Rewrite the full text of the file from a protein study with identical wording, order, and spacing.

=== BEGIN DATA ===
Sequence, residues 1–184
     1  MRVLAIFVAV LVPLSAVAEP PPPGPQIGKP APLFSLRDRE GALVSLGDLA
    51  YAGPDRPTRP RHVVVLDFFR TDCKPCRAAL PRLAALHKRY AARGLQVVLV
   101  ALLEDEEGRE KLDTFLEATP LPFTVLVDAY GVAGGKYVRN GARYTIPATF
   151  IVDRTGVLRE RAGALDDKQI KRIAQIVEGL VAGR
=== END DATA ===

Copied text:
Sequence, residues 1–184
     1  MRVLAIFVAV LVPLSAVAEP PPPGPQIGKP APLFSLRDRE GALVSLGDLA
    51  YAGPDRPTRP RHVVVLDFFR TDCKPCRAAL PRLAALHKRY AARGLQVVLV
   101  ALLEDEEGRE KLDTFLEATP LPFTVLVDAY GVAGGKYVRN GARYTIPATF
   151  IVDRTGVLRE RAGALDDKQI KRIAQIVEGL VAGR